Like most guitar makers, and unlike my experiment, Pat uses an external mold to shape the body of the instrument.
Here's checking the fit of a side to determine where the ends of the side pieces need to be cut.
Clamps hold the parts in the form while the neck and tail blocks are glued in place.
Strips of wood with many small slots cut most of the way through form the "lining" for the inside edges of the body. The slots allow the lining to be bent to conform to the shape of the body.
The pieces of lining are shown atop of the glued and thickness-sanded pieces that will later form the front and back of the instruments.
Pat uses many clothespins to hold the lining as it's glued onto the edges of the sides. The clothespins have rubber bands wrapped around them for extra pressure.
Front and back lining installed. The body is placed atop of the soundboard to check the layout. The rosette inlay will be facing outwards in the final instrument.
Sound hole cut, and the soundboard (front side) cut to the approximate shape.
Gluing the back in place. Pat uses a lot of rubber bands, crisscrossed to press the back on around all the edges.
Pat prefers to glue the back on first. This allows him to clean up any glue squeeze out on the inside before adding the front (soundboard). You can't see the back of the sound board through the sound hole, so cleaning up squeeze out there is less important.
Next, flush trimming the back, using a special router jig that keeps the router vertical.
A jig like that is very important for guitars which usually have a front and back that is slightly convex. For a ukulele with a flat front and back, a regular router or router table could also be used.
Now gluing on the front, same method.
The ukulele body, before the lining is installed.
Pat also installs a strip of very hard rosewood around the edges of the instrument. A square ledge is cut around the edge to place this in. Optionally, if a strip of decorative "purfling" is added around the edge of the soundboard, another ledge is cut into the soundboard.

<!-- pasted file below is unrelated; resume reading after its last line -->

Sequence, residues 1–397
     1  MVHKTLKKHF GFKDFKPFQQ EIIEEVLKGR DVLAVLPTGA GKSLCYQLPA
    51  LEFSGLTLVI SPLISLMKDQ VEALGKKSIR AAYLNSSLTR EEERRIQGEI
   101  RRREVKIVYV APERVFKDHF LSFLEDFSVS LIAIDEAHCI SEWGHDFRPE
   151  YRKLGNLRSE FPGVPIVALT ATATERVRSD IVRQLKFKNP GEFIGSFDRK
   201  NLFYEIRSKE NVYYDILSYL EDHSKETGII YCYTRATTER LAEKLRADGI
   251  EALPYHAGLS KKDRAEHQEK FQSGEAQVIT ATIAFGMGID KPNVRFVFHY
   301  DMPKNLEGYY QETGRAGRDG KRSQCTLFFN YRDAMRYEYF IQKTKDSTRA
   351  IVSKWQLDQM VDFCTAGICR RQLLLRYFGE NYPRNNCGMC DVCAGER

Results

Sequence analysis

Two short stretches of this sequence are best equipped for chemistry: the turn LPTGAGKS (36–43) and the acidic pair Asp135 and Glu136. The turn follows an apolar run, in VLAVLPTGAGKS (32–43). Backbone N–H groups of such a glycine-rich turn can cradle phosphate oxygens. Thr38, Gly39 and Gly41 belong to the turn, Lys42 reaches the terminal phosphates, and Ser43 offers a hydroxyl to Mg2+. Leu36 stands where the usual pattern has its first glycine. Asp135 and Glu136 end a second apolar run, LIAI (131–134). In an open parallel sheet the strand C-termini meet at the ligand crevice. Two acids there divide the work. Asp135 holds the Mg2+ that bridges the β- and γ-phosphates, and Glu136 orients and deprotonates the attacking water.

The picture at left is from a different instrument, with a spruce soundboard. The main ledge in the dark wood is for the "binding", and the shallow ledge in the spruce is for the purfling.
The router is held vertically for this operation using the same jig shown four pictures back.
Strips of rosewood to use for the binding.
A wedge of wood is also installed at the "tail" where the two side pieces meet.
Pat bends the wood for the binding the same way as the sides before applying the binding.
Pat says about installing the binding:
"When installing bindings I tape them into place then use elastics to bring them in tight to the body. Doing this takes a little time so I use fish glue because it has a open time of over an hour. Fish glue has to be clamped for 12 hours so I can't do the bottom bindings until the next day."
Scraping the binding flush with the top using a cabinet scraper.
Binding helps protect the instruments against nicks along the edge and also helps to visually define the edge, but it's not necessary for the instrument to function, so I skipped that step on my ukulele body.
See also: Me making the ukulele body
Next: Making the neck